Physicians say that patient safety is often at risk because of ineffective communication during the emergency department (ED) handoff process when patients are moved to inpatient units.
That's the findings from a University of Nebraska Medical Center study published in the Journal of Hospital Medicine. Researchers say the findings support the need for collaborative efforts to improve communication between physicians during the handoff process from the ED to inpatient units, according to a study announcement.
As part of the 627-bed medical center's effort to improve its own handoff process, Christopher J. Smith, M.D., and colleagues surveyed 94 admitting physicians from five inpatient medical services and 32 emergency medicine physicians about their perceptions of the process and barriers to safe patient care.
The survey, which included resident, fellow and faculty physicians, found major differences between the two groups. For instance, admitting physicians reported that vital clinical information was not communicated frequently when compared to ED physicians. Admitting physicians also reported worse quality of communication and less confidence in the handoff system's ability to ensure patient safety.
There was also disconnect between the two groups. Ninety-four percent of the ED physicians reported feeling they had to defend their clinical decision at least "sometimes." And that feeling that admitting physicians did not trust their clinical judgments was supported by the fact that more than 25 percent of admitting physicians said they usually disagreed with decisions made in the ED. Just under one-third of all respondents reported handoff-related adverse events, most frequently blamed on ineffective communication. Sequential handoffs were common for both ED and admitting services, with 78 percent of physicians reporting they negatively impact patient care.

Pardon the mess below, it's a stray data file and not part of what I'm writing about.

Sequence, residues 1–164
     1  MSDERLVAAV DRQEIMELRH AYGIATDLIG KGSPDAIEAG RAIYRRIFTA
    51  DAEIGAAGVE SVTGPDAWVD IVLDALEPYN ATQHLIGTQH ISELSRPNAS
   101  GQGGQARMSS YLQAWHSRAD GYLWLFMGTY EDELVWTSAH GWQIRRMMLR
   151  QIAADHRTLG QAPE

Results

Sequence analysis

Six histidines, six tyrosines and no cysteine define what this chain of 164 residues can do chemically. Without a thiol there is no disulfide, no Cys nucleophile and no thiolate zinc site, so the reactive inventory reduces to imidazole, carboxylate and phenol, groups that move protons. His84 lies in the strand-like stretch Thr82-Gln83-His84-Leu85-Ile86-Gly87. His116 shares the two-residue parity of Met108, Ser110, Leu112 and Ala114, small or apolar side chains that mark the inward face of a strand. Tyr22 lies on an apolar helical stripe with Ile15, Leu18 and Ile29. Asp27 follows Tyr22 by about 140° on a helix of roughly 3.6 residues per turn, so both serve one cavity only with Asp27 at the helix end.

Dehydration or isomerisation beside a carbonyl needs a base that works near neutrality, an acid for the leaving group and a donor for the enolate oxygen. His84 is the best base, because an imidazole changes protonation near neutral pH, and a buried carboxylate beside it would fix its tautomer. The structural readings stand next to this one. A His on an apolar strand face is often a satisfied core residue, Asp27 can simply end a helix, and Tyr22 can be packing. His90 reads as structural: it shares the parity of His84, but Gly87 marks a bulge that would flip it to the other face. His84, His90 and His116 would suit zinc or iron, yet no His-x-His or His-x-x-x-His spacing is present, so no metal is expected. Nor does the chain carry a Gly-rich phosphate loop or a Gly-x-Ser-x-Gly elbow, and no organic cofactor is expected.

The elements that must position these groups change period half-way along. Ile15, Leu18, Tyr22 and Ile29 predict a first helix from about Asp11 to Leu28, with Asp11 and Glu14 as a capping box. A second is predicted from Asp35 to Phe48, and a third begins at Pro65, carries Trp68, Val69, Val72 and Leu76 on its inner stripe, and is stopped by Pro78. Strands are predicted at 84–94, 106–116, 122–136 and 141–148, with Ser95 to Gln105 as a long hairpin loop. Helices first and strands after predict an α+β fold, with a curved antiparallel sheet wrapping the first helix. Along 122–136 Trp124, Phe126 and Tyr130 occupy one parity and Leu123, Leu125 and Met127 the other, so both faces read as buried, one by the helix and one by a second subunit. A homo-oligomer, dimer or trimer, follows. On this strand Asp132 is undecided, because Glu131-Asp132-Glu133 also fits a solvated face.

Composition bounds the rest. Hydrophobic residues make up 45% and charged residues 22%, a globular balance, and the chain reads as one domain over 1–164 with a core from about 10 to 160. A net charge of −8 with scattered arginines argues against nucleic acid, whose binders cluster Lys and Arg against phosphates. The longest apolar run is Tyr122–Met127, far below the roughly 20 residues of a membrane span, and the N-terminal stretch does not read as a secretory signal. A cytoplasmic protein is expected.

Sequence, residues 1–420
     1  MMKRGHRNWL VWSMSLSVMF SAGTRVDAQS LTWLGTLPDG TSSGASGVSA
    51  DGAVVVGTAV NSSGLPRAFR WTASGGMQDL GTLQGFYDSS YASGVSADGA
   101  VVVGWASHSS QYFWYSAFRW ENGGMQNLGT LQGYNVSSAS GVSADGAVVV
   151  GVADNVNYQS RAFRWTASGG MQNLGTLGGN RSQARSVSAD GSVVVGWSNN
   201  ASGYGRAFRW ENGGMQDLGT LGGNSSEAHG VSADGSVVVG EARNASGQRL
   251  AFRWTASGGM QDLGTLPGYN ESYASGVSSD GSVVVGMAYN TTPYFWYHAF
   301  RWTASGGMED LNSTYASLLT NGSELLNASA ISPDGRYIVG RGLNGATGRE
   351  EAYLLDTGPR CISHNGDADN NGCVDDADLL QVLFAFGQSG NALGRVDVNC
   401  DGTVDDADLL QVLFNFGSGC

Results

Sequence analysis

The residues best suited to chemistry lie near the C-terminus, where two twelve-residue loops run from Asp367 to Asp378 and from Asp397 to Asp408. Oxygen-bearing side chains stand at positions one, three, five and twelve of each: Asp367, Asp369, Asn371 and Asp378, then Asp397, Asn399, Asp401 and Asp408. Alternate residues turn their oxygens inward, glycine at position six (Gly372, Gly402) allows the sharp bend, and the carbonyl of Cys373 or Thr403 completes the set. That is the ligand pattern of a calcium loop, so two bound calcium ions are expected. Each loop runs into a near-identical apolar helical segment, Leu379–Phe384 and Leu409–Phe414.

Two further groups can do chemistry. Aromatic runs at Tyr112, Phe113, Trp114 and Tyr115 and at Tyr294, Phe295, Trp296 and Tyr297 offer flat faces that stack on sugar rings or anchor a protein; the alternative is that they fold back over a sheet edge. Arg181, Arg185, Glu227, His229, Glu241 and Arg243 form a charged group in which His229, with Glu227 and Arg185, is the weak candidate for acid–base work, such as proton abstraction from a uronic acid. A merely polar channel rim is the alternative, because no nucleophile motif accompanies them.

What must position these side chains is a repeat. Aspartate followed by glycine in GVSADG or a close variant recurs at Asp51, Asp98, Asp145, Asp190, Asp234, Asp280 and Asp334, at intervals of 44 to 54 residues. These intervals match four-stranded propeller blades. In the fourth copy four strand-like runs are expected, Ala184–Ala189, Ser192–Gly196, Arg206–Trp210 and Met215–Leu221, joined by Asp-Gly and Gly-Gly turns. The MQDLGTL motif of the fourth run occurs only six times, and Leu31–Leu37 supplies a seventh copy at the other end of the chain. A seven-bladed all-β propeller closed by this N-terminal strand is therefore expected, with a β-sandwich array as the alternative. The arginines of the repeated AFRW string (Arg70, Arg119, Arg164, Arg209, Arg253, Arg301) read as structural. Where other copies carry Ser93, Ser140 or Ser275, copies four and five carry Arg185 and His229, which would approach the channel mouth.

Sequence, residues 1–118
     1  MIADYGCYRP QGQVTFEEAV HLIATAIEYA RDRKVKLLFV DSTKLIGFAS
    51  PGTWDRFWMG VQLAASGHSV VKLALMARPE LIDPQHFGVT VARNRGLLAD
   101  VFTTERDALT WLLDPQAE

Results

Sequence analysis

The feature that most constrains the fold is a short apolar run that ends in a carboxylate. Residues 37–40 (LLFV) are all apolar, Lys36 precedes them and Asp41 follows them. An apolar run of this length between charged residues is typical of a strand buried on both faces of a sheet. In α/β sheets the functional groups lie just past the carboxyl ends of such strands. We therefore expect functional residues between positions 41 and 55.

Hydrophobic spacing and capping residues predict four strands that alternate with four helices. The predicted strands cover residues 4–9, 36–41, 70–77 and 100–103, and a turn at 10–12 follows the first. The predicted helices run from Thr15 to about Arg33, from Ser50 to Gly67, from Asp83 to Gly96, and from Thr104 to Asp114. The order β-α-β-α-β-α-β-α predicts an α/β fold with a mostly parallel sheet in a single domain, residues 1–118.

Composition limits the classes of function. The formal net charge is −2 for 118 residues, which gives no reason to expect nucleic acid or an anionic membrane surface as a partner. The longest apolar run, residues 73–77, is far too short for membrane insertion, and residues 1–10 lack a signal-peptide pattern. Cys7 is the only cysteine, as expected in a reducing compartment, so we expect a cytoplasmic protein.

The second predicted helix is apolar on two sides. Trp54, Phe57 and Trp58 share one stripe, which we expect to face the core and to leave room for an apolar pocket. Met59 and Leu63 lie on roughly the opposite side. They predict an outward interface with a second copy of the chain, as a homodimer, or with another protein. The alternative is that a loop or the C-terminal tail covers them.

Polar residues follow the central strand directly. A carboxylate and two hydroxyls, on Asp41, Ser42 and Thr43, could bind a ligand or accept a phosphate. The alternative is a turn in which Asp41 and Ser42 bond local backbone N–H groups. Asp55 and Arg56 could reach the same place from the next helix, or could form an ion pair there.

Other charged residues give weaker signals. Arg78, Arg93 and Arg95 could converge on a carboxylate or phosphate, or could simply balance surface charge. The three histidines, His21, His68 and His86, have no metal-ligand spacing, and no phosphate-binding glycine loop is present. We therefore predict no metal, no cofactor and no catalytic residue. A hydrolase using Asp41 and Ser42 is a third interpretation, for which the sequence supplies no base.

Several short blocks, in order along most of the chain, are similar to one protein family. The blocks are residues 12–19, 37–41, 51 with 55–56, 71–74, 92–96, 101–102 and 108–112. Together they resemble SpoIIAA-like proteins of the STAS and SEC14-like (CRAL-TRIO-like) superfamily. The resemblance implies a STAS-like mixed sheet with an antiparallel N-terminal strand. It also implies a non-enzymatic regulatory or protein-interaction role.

Based on the survey, the Nebraska medical center is pilot-testing a standardized approach for ED-to-hospital handoffs and plans to re-survey physicians after its implementation.
Researchers believe the organizatin can improve the process by training residents how to perform handoffs, asking for more direct involvement of attending physicians and increasing face-to-face communication.
Prior research supports the need for improved communication between physicians during patient handoffs. One study of a resident handoff-improvement program in nine hospitals found a reduction in medical errors and preventable adverse events. A standardized handoff process also reduced errors in 23 pediatric hospitals.
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